By Jason Reid and Jason La Canfora
Washington Post Staff Writers
Tuesday, April 8, 2008
The Washington Redskins have intensified their efforts in preparation for this month's NFL draft, beginning key meetings yesterday at Redskins Park. Although the team has compiled information on draft-eligible players and discussed its options for weeks, Washington has only started to formulate its strategy.
"Now is when we really get going," said Vinny Cerrato, Washington's executive vice president of football operations. "This is when you look at all the information you have and start putting it all together. From now until the draft, this is the focus."
Barring trades to change its position, Washington will pick 21st in the draft on April 26-27. The Redskins have nine picks (they do not have a fourth-round selection), including three compensatory picks -- an extra one in the third round and two additional seventh-round picks. The Redskins selected safety LaRon Landry with the sixth overall pick in the 2007 draft. Landry played a major role as a rookie starter, helping Washington advance to the playoffs for the first time since the 2005 season. Linebacker H.B. Blades, selected in the sixth round, contributed on special teams and as a reserve on defense.
After declining to pursue free agents to address most of their needs, the Redskins will depend on the draft to fill holes along the offensive and defensive lines, at wide receiver, cornerback and safety. Holding many selections and hoping to bolster several areas on the roster, the Redskins are seeking "quality and quantity," Cerrato said. "What we need to do, because we're going to have a lot of picks this year, we need to have a good draft where we're adding an influx of young guys on the team.
"Instead of just adding a couple of guys this time, we need [a draft] where we're adding quantity and quality guys. We need talented guys that can initially play a role and have the potential to become starters. And the biggest thing you need is good people.
"Is that a lot? Yeah. But we feel like we're in good shape. We're not looking for these young guys to come in here and start. And with our team right now, it would be difficult for a young guy to do that."
Defensive coordinator Greg Blache has voiced his desire to use the 21st pick on an interior lineman, preferably one who possesses superior pass-rushing skills for the position, league sources said. The highest-rated defensive linemen are expected to be off the board when the Redskins pick, but the team could move up through a trade.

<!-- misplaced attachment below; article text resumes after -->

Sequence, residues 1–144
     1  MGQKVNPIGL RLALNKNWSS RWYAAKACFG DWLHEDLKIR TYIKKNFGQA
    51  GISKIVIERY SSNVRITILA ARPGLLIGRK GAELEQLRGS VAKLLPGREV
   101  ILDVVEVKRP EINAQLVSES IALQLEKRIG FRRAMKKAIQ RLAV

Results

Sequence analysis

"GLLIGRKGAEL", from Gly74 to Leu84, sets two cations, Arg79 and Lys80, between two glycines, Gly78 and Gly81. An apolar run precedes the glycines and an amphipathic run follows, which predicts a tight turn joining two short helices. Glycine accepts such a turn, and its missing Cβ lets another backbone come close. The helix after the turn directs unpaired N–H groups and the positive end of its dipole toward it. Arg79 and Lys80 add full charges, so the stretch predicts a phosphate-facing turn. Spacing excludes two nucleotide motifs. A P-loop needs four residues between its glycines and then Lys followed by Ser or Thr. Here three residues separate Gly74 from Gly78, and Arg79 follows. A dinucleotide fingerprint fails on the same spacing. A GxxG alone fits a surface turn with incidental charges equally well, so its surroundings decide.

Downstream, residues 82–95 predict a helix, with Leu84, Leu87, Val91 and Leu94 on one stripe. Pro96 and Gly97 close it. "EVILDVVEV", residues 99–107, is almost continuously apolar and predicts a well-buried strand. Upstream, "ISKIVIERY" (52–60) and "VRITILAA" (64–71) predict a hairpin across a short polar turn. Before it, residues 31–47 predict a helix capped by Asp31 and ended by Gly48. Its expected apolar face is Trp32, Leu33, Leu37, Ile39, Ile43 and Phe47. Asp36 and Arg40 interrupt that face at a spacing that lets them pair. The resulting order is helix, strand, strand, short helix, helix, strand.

"You look at everything," said Cerrato, not commenting specifically on the Redskins' internal discussions. "You look at who's available and you consider all of your options" as the draft progresses.
Coach Jim Zorn has played down the need for the Redskins to draft a big wide receiver, but Cerrato acknowledged he hopes to provide quarterback Jason Campbell with some bigger targets as the team transitions to Zorn's version of the West Coast offense. The age and health of the offensive line are other concerns for the Redskins.
In July, left guard Pete Kendall turns 35 and Pro Bowl left tackle Chris Samuels turns 31. Right guard Randy Thomas and right tackle Jon Jansen are both 32, and center Casey Rabach is 30. Backup guard-tackle Jason Fabini turns 34 in August and backup tackle Todd Wade is 31. The Redskins said they must continue to have success with undrafted players.
"The undrafted guys, that kind of adds to it, they kind of add to your draft, which is great," Cerrato said. "But what [owner Daniel Snyder] says is that if we're picking in the top 10, he wants a perennial Pro Bowl guy, and we've kind of hung in with that one pretty close.
"What we need to do is, we need to be a little more successful later on. We need to add more guys there."
Redskins Note: The preseason schedule has been finalized. The Redskins will play Indianapolis at 8 p.m. on Aug. 3 in Canton, Ohio; will host Buffalo at 7 p.m. Aug. 9; will play the Jets in New York at 7 p.m. Aug. 16; will play at Carolina at 7 p.m. Aug. 23; and will host Jacksonville at 7 p.m. Aug. 28.